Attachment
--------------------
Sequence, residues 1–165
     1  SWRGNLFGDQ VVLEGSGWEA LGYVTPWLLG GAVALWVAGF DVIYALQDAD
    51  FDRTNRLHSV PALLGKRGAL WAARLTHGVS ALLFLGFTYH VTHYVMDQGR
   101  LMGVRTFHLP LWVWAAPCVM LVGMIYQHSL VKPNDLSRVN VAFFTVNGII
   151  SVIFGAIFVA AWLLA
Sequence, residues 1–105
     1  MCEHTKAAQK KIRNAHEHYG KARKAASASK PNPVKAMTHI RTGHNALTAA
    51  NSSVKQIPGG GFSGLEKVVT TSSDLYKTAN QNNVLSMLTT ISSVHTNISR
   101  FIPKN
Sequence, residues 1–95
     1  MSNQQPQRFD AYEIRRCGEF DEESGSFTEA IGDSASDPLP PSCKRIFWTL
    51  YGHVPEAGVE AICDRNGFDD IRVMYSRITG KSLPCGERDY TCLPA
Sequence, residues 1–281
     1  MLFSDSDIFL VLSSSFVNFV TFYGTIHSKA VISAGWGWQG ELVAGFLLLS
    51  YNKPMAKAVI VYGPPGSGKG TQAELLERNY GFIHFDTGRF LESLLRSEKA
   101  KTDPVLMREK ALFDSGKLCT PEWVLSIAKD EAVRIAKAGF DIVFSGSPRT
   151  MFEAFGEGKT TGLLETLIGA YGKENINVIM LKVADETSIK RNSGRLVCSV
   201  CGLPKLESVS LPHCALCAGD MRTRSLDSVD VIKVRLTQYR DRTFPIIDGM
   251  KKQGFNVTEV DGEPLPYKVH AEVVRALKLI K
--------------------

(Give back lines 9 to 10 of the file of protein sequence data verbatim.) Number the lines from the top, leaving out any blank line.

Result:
   101  FIPKN
Sequence, residues 1–95